Generation Ratify’s Mrs. America Webinars are Exactly what Feminism Needs Right Now

Developmentally Edited by Alexandra Hidalgo
Copy Edited and Posted by Megan Elias

This piece is part of a series on the “Rethinking Sisterhood” webinar panels. Take a look at our articles on the second panelthird panelfourth panel, fifth panel, and our article on the series as a whole for more about Mrs. America and activism.

Phyllis Schlafly, a name most people haven’t heard since the 1980s, sealed in the vault of history as one might do with an ancient plague, was a profoundly accomplished and educated woman. She worked as a ballistics gunner and technician in World War II, received a master’s degree in 1945 from Radcliffe College, the sister school of the then all-male Harvard University, authored numerous books, and was a deeply persuasive rhetorician. In the words of feminist artist and activist Natalie White, “On paper, she was the biggest feminist there was.” Yet her main political adversary was the Equal Rights Amendment. Why would anyone oppose equal rights? And even more strangely, why would a woman who traveled the country giving lectures and lobbying for political causes while leaving her six children at home oppose equal rights? 

The FX show Mrs. America, created by Dahvi Waller, aims to answer those questions. The panelists in the first webinar in the “Rethinking Sisterhood: The Role of Media in Affirming the ERA” reflected on the failures and triumphs of the series, the characters it portrays, and the women’s liberation movement. The first installment, titled “Mrs. America: Cultural and Intergenerational Views,” aired last Thursday. The webinar series, which is hosted by the activist youth organization Generation Ratify and co-organized by agnès films, Directed by Women, Equal Means Equal, Media Equity, and Women Occupy Hollywood, will continue for four more consecutive Thursdays, airing from 5:00-6:00pm EST, when audiences will have the chance to tune in and join the conversation.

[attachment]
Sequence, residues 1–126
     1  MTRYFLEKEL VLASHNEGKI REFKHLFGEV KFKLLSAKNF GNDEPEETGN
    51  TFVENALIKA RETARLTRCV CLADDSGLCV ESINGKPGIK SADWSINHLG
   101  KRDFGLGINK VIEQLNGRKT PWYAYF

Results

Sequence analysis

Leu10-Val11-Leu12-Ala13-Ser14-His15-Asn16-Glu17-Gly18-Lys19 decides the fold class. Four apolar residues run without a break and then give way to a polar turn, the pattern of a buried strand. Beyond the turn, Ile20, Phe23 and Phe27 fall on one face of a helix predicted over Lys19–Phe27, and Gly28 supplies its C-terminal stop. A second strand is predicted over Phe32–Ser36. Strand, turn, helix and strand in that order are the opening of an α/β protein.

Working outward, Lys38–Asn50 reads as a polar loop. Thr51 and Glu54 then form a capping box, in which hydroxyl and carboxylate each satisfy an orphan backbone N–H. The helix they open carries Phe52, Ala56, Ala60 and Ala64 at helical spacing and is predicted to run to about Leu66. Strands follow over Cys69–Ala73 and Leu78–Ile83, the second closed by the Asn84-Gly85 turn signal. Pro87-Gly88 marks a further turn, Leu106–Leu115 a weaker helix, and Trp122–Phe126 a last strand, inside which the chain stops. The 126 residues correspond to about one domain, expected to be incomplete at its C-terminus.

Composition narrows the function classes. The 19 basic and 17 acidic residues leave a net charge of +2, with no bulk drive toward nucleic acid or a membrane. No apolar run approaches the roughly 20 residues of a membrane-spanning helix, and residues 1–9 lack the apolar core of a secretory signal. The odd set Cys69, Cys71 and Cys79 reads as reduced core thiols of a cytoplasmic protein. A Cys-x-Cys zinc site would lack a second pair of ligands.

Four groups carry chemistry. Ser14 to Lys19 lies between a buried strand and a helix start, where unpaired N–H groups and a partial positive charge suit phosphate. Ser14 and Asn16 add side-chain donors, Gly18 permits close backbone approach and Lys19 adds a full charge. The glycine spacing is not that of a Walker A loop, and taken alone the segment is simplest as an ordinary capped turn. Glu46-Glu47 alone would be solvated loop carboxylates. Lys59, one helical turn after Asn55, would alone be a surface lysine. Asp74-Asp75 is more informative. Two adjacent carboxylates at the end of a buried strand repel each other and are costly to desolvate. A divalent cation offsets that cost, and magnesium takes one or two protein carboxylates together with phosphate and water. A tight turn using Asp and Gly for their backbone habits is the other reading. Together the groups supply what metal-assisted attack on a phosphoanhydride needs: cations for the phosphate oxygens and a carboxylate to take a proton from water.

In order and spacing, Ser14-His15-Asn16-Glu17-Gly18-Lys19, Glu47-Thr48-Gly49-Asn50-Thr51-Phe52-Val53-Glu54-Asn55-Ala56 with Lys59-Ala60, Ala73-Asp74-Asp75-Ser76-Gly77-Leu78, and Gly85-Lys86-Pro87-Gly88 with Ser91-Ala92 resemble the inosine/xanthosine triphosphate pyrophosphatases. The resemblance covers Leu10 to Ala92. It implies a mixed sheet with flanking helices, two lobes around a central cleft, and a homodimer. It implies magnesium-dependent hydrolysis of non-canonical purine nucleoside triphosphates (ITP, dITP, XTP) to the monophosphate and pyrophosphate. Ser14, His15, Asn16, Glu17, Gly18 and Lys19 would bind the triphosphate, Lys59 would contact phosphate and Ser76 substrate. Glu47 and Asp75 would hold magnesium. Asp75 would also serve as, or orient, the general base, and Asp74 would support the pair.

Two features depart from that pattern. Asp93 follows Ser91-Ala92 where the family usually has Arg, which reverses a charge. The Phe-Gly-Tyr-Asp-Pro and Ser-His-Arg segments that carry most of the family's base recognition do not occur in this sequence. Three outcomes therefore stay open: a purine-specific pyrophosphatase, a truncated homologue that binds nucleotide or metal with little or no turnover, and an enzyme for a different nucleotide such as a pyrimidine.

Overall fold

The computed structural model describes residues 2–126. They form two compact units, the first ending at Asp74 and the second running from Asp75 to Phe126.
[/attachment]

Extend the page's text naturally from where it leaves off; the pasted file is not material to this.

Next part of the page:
I attended the first webinar last Thursday and it started just like you’d expect. A sign up box where I typed in my email, then a link for me to click when the time came. I really had no idea what to expect once I entered the Zoom meeting. At first I was nervous that the panelists would see my Height of Quarantine Fashion: sweatshirt and hair I neglected to brush. I was very thankful that the only people able to use their cameras were the panelists themselves, while viewers could type questions and comments in the chat.


Pastel art of three women with film reels in the background.

Generation Ratify’s official art for the webinars.


And what amazing panelists they were! Barbara Winslow has been an activist for civil rights and women’s liberation, and an accomplished historian of those struggles, since the 1960s. She once even found herself at a dinner party where Schlafly herself was one of the attendees. Natalie White is a feminist artist and the Co-Director of Equal Means Equal, an organization that has led the charge for reviving the ERA. She organized a 250-mile march from New York to Washington, DC to champion the amendment. Belan Yeshigeta is a high school student and the Associate Director of Generation Ratify, and is fighting for the current generation to be the last one without equal protection under the law. Katharine Anderson, the State Director of Generation Ratify Minnesota, has worked in environmental and gender activism, and has recently turned to storytelling to share the lessons of activism and politics.